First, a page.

High incidence of antimicrobial resistant organisms including extended spectrum beta-lactamase producing Enterobacteriaceae and methicillin-resistant Staphylococcus aureus in nasopharyngeal and blood isolates of HIV-infected children from Cape Town, South Africa
Mark F Cotton, Elizabeth Wasserman, Juanita Smit, Andrew Whitelaw, Heather J Zar
BMC Infectious Diseases , 2008, DOI: 10.1186/1471-2334-8-40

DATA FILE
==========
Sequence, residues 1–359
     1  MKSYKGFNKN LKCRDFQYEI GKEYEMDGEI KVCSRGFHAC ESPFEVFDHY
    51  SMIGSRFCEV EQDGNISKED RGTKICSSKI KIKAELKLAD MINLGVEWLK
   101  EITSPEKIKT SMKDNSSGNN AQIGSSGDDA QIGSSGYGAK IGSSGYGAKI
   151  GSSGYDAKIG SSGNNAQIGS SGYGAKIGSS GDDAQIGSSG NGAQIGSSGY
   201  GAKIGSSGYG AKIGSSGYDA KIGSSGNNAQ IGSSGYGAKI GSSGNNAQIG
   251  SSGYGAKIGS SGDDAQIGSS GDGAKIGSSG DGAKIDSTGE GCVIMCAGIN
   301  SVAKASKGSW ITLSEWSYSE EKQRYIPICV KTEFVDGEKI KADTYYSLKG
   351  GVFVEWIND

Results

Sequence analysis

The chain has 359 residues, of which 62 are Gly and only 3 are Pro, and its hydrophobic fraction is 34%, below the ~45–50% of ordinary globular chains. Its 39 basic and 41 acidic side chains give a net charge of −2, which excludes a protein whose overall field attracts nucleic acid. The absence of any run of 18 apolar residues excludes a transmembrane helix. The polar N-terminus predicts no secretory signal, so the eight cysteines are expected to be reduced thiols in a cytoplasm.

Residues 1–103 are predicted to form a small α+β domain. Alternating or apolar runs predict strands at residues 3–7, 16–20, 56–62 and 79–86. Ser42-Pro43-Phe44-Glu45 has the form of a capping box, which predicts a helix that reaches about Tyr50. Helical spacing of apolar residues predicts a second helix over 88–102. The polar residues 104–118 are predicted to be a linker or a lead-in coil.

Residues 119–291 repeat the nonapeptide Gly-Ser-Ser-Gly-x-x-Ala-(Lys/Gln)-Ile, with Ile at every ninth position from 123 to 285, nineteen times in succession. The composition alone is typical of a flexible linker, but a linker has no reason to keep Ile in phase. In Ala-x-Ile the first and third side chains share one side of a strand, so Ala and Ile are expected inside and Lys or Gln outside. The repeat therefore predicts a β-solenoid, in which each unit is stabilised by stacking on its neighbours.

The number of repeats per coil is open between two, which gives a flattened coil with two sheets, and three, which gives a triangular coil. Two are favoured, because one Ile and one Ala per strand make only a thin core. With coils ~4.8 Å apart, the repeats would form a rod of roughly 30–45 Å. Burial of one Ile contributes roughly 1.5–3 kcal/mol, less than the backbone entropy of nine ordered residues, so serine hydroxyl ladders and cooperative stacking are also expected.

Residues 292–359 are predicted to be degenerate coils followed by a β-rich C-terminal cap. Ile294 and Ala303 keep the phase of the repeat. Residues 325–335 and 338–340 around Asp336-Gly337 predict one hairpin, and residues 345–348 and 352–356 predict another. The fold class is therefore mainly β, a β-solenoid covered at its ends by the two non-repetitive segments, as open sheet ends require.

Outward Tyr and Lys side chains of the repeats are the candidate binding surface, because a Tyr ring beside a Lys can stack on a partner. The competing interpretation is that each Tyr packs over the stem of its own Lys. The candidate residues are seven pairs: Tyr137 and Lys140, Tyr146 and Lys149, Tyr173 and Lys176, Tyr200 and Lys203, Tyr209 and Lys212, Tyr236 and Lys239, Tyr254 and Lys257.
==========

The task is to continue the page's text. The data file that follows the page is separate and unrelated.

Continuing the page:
Abstract: NP swabs were taken at baseline from HIV-infected children enrolled in the study. Standard microbiological techniques were used. Children were grouped according to previous or current exposure to TMP-SMX and whether enrolled to the study during a period of hospitalization. Blood culture results were also recorded within 12 months of baseline.Two hundred and three children, median age 1.8 (Interquartile [IQ]: 0.7–4) years had NP swabs submitted for culture. One hundred and eighty-four (90.7%) had either stage B or C HIV disease. One hundred and forty-one (69.8%) were receiving TMP-SMX and 19 (9.4%) were on antiretroviral therapy. The majority, 168 (82%) had a history of hospitalization and 91 (44.8%) were enrolled during a period of hospitalization. Thirty-two subjects (16.2%) died within 12 months of study entry.One hundred and eighty-one potential pathogens were found in 167 children. The most commonly isolated organisms were Streptococcus pneumoniae (48: 22.2%), Gram-negative respiratory organisms (Haemophilus influenzae and Moraxella catarrhalis) (47: 21.8%), Staphylococcus aureus (44: 20.4%), Enterobacteriaceae 32 (14.8%) and Pseudomonas 5 (2.3%).Resistance to TMP-SMX occurred in > 80% of pathogens except for M. catarrhalis (2: 18.2% of tested organisms). TMP-SMX resistance tended to be higher in those receiving it at baseline (p = 0.065). Carriage of Methicillin resistant S. aureus (MRSA) was significantly associated with being on TMP-SMX at baseline (p = 0.002). Minimal inhibitory concentrations (MIC) to penicillin were determined for 18 S. pneumoniae isolates: 7 (38.9%) were fully sensitive (MIC ≤ 0.06 μg/ml), 9 (50%) had intermediate resistance (MIC 0.12 – 1 μg/ml) and 2 (11.1%) had high level resistance (MIC ≥2 μg/ml). Fifty percent of Enterobacteriaceae produced extended spectrum beta-lactamases (ESBL) (resistant to third generation cephalosporins) and 56% were resistant to gentamicin. Seventy-seven percent of S. aureus were MRSA. Carriage of resistant org